Nanomedicine targets iron metabolism for cancer therapy

Liangru Lin, Hanqing Chen, Ruifang Zhao, Motao Zhu, Guangjun Nie

Research output: Contribution to journalReview articlepeer-review

18 Scopus citations


Iron is an essential element for cell proliferation and homeostasis by engaging in cell metabolism including DNA synthesis, cell cycle, and redox cycling; however, iron overload could contribute to tumor initiation, proliferation, metastasis, and angiogenesis. Therefore, manipulating iron metabolisms, such as using iron chelators, transferrin receptor 1 (TFR1) Abs, and cytotoxic ligands conjugated to transferrin, has become a considerable strategy for cancer therapy. However, there remain major limitations for potential translation to the clinic based on the regulation of iron metabolism in cancer treatment. Nanotechnology has made great advances for cancer treatment by improving the therapeutic potential and lowering the side-effects of the proved drugs and those under various stages of development. Early studies that combined nanotechnology with therapeutic means for the regulation of iron metabolism have shown certain promise for developing specific treatment options based on the intervention of cancer iron acquisition, transportation, and utilization. In this review, we summarize the current understanding of iron metabolism involved in cancer and review the recent advances in iron-regulatory nanotherapeutics for improved cancer therapy. We also envision the future development of nanotherapeutics for improved treatment for certain types of cancers.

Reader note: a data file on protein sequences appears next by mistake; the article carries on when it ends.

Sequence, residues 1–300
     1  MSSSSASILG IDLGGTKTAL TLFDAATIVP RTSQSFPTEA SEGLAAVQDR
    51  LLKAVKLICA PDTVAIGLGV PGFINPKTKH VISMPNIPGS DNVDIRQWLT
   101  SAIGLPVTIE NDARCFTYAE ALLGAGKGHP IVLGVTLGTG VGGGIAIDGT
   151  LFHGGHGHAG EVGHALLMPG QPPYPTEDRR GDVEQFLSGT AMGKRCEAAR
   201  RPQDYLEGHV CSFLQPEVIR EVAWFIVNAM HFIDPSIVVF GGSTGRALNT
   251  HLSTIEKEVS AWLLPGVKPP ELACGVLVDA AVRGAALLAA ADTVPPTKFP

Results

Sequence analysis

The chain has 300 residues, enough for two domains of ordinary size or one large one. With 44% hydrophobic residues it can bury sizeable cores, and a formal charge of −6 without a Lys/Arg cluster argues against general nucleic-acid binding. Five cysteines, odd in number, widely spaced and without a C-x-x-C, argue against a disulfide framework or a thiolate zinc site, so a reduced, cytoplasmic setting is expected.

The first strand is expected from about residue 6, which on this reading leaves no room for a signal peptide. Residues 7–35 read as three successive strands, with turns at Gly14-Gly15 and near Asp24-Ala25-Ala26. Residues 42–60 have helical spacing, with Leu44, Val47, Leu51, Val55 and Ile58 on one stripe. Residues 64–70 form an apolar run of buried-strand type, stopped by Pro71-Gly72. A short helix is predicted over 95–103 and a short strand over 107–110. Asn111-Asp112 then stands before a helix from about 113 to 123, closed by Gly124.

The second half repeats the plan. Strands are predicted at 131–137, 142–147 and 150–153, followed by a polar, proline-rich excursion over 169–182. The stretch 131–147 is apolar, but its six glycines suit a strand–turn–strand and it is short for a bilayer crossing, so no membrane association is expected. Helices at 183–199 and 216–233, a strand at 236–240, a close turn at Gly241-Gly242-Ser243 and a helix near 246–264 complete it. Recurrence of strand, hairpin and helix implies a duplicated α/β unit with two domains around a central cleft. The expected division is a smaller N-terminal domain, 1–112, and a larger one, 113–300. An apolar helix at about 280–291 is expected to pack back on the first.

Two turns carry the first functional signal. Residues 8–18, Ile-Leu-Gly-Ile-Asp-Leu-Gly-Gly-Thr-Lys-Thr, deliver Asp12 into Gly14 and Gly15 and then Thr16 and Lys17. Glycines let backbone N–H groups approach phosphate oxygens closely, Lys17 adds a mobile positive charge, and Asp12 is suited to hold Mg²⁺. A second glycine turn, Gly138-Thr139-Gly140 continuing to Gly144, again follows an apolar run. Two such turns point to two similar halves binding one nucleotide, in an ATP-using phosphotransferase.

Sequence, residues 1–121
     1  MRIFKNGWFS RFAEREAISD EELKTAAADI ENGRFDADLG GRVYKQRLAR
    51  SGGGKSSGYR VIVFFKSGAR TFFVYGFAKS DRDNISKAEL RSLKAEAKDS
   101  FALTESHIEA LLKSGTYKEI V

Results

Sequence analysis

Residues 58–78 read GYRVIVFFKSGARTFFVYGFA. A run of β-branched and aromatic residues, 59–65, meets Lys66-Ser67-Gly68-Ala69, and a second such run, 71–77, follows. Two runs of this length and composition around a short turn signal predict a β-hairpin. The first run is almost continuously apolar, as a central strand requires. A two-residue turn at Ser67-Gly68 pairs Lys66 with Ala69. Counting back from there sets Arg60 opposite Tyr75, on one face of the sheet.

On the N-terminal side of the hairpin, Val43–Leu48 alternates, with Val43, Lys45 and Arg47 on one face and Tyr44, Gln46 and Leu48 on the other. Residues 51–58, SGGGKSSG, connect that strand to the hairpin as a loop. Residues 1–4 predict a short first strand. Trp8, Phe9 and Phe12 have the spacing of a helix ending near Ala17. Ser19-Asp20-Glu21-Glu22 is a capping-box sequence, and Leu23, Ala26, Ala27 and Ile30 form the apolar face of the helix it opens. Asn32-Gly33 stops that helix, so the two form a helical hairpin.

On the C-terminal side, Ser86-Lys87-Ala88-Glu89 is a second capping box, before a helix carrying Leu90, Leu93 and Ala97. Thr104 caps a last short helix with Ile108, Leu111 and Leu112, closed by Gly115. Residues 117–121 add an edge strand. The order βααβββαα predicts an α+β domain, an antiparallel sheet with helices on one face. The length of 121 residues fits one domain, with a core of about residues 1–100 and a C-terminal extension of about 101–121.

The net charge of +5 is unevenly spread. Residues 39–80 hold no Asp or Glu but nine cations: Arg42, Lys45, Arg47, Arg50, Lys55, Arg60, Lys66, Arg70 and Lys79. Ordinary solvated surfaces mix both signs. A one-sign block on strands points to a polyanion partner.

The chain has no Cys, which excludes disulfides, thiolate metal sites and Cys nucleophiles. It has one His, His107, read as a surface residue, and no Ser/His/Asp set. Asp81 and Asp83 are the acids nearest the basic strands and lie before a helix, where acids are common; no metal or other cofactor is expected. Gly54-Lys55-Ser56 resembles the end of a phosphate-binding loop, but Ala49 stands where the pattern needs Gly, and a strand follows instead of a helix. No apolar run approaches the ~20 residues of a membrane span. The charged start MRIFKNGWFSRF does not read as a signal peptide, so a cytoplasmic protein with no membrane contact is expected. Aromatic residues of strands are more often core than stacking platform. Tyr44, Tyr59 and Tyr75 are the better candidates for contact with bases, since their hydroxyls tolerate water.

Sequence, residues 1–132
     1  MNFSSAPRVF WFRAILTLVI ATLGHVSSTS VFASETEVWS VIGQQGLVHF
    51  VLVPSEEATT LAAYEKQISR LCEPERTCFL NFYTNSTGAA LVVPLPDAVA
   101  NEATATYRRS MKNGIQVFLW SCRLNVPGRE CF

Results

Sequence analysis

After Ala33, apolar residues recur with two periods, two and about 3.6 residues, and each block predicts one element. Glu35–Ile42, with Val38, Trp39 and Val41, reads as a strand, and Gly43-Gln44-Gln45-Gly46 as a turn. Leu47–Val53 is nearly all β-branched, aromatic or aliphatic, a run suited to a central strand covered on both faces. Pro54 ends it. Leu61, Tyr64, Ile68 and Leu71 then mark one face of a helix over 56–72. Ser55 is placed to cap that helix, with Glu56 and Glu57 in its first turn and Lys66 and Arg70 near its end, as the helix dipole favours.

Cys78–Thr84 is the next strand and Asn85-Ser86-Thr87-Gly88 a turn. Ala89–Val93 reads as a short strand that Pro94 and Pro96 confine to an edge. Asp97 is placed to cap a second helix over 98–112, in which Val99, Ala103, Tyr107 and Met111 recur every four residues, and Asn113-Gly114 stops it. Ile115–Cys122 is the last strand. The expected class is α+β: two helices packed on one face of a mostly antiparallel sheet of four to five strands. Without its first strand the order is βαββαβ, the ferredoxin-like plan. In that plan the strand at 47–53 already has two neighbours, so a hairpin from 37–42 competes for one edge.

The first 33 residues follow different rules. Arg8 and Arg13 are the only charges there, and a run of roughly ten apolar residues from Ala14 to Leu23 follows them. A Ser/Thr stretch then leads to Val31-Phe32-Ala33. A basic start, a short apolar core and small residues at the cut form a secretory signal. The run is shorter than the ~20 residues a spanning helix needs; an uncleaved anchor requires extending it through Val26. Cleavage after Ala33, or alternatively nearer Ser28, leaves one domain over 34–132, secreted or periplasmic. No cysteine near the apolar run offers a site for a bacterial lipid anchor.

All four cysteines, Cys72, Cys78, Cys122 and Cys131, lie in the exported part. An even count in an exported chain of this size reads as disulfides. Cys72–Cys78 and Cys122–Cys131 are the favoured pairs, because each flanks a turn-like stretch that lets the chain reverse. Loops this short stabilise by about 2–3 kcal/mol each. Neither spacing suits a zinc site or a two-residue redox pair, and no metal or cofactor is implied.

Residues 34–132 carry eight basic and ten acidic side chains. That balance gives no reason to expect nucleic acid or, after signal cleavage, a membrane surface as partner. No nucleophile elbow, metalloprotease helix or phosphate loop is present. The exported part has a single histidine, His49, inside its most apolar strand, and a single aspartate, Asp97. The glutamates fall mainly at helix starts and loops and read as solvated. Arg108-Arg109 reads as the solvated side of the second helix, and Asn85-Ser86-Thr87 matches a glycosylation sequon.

Original languageEnglish (US)
Pages (from-to)828-837
Number of pages10
JournalCancer Science
Issue number3
StatePublished - Mar 2022


  • cancer therapy
  • ferroptosis
  • iron metabolism
  • iron reductive therapy
  • nanodrug delivery system
  • Antineoplastic Agents/administration & dosage
  • Humans
  • Neoplasms/drug therapy
  • Combined Modality Therapy
  • Ferroptosis/drug effects
  • Drug Delivery Systems
  • Animals
  • Iron Overload/drug therapy
  • Iron/metabolism
  • Nanomedicine

ASJC Scopus subject areas

  • Oncology
  • Cancer Research


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